Carnivore Joy

Best Time to Eat on the Carnivore Diet

You’ve changed your diet, or you’re considering doing so, and now you’re wondering about the best time to eat on the carnivore diet.

Good question, and well-spotted that it’s not food alone that influences how well a diet works. It has a lot to do about timing.

Daily Meals

Christiaan Huygens, a Dutch 17th-hundred scientist, was the first to notice that pendulums in motion will synchronize their swings.

This physical phenomenon seems active for humans as well. All of the carnivore people I’ve met online have one or two meals per day.

Never three?

Not that I know of, and it makes sense, which I’ll get into later.

One group of carnivore people believe in the One Meal A Day principle, also known as OMAD. They eat one large meal every day and then fast for around 23 hours.

They say it’s hard to begin with, and that you’ll feel hunger, but after a while, you get used to it.

For some, their body will react at one point and start to crave more food, so they switch to two meals a day.

Why not three? And at what time do we eat?

Why One or Two Meals Make Sense

Have you ever gotten out of bed in the morning with your stomach growling, craving food?

Nah, right?

While it sometimes happen to me, it’s rare. Most of the time, I’m not hungry in the morning.

And that’s natural. It has to do with our central brain clock, also known as the circadian rhythm.

It regulates our brain waves, our sleepiness, hormones, and hunger.

The circadian rhythm is affected by the local environment, which means that if you move to another part of the world, it will change. It will also change from summer to winter and back.

For some reason, I struggle to understand that kind of stuff, but I know how it affects me:

I’m not hungry in the morning.

And if I eat late, I get a headache.

In the carnivore diet, we’re allowed to eat to satisfy our hunger. There are no limits to how much we can eat, as long as our food derives from animals and contains fat.

Therefore, we all seem to skip breakfast and only eat lunch and inner.

What Time Should We Eat?

Strangely, it seems that we’re most hungry in the evening, perhaps because our body thinks that this is the last chance it will have to get any food today. But at that time, insulin levels will rise quicker, and if you already have a problem with your cells being insulin resistant, then you’re in trouble.

Late dinners mean weight gain (or less drop) and that you’re less likely to get rid of your insulin resistance.

Don’t take my word for it. Here are the words of Dr. Jason Fung:

Timing the Largest Meal of the Day

So, what’s the practical implication of these hormonal rhythms for daily eating? At 8 a.m., our hunger is actively suppressed. It is counterproductive to force-feed ourselves then. What’s the point? Eating does not produce weight loss. Forcing ourselves to eat at a time when we are not hungry is not a winning strategy. Eating late at night is also a poor strategy. Hunger is maximally stimulated at approximately 7:50 p.m. At this time, insulin is maximally stimulated by food, which means that the same amount of food results in higher insulin levels. This higher insulin level will naturally drive weight gain. Unfortunately, that timing coincides with the largest meal of the day in North America. Making dinner the biggest meal of the day is mostly driven not by health concerns but by the hours of the workday and school. Shift workers are at a particular disadvantage. They tend to eat larger meals even later in the evening, leading to higher insulin. So the optimal strategy seems to be eating the largest meal in the midday, sometime between noon and 3:00 p.m., and only a small amount in the evening hours. Interestingly, this is the traditional Mediterranean eating pattern. They eat a large lunch, followed by a siesta in the afternoon, and then have a small, almost snack-sized dinner.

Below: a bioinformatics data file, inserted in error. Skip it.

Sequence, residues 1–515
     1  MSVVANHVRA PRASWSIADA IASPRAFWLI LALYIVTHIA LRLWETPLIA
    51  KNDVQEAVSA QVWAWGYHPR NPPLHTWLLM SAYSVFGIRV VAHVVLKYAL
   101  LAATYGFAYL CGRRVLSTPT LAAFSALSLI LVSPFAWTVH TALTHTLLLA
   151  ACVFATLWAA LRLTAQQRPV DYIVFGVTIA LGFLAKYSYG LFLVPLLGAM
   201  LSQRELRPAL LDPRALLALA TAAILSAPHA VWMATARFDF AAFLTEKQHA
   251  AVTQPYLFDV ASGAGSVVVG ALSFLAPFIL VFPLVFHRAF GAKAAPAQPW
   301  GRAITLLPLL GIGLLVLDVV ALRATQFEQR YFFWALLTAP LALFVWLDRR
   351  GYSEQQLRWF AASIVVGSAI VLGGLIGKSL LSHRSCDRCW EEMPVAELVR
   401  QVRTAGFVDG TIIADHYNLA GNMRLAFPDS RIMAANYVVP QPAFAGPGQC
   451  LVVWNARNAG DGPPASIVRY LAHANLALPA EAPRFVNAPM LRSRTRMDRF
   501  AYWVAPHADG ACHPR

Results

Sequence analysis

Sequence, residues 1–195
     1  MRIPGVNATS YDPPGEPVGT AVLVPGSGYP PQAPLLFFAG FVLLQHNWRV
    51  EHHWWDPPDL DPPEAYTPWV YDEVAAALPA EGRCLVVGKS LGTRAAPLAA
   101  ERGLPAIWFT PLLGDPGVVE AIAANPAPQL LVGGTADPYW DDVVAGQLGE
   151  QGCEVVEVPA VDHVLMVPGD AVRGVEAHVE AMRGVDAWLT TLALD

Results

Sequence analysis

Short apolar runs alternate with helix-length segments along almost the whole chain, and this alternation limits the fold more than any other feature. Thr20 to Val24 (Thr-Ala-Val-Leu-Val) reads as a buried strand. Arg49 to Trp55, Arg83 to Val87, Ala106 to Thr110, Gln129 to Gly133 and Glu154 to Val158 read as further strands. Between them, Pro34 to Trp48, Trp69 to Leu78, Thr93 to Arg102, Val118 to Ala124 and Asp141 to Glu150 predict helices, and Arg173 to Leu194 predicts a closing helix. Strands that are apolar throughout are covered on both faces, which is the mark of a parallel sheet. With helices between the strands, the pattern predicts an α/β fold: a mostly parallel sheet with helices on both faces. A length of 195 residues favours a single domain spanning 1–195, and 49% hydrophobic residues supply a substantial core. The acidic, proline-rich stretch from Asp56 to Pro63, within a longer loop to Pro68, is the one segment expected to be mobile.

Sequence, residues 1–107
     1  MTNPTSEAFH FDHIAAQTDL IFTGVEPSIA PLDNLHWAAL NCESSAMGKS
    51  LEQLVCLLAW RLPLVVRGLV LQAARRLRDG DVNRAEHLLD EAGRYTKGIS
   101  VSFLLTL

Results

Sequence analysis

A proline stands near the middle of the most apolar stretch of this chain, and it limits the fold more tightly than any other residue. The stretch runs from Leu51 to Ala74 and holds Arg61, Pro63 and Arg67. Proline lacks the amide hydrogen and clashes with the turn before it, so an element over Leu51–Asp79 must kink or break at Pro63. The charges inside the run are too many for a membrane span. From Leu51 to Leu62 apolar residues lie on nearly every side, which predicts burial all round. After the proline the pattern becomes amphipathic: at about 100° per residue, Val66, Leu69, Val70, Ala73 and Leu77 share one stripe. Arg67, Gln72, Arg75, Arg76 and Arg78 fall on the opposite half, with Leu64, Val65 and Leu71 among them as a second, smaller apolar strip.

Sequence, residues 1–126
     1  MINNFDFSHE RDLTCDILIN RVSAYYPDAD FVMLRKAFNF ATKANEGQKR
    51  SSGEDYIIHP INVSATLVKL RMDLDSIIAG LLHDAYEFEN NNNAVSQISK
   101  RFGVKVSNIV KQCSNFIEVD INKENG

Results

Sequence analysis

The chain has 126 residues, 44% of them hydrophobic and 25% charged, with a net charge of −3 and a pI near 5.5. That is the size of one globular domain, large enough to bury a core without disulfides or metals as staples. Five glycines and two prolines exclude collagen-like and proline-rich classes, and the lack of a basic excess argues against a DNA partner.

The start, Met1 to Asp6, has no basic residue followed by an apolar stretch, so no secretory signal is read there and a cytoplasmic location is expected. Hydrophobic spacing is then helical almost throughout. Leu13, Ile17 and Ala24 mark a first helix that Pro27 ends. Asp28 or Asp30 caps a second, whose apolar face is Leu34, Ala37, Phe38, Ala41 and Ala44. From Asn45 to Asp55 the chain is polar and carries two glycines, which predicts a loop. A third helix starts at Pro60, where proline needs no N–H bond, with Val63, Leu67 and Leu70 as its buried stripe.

Jason Fung; Jimmy Moore. The Complete Guide to Fasting: Heal Your Body Through Intermittent, Alternate-Day, and Extended (Kindle Locations 2961-2971). Victory Belt Publishing. Kindle Edition.

Since meat and fat make you feel satiated faster and for longer time than carbs, there will be a natural timespan where you’re not hungry.

Most carnivore I know do some kind of fasting. Often intermittent fasting, meaning they eat during an eight hour window and then fast for 16 hours.

This means that if your first meal is at 11 am, then you should finish your last meal at 7 pm.

Your first meal should ideally be larger than your last meal.

Let me give you an example of how we do that:

  • Our first meal can consist of 250 g ground grass-fed beef, 2 eggs, and a little cheese.
  • Our last meal can consist of 250 g beef.

We vary what we eat daily, though, so this is just a quick example to show the proportions.

Plus, there are several other ways you can fast or do intermittent fasting. I found a good article about it on a carnivore blog.

There are at least:

  • 16:8 fasting, which is the one I aim at doing with an 8-hour eating window.
  • 20:4 fasting, where you’re only allowed to eat in a 4-hour window and fast for 20 hours.
  • 24 hour fast, or the OMAD.
  • And then several more where you fast for longer periods than 24 hours.

Overall Best Times to Eat

Stay away from early morning and late evening.

Then fit your meal(s) in when you’re hungry.

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  1. Thank you! As I begin to go carnivore, this article was especially helpful.

    • Oh, that’s nice to know. Thank you for telling me this. 🙂

      Good luck with your carnivore journey. It’s one of the best thing that ever happened to me.

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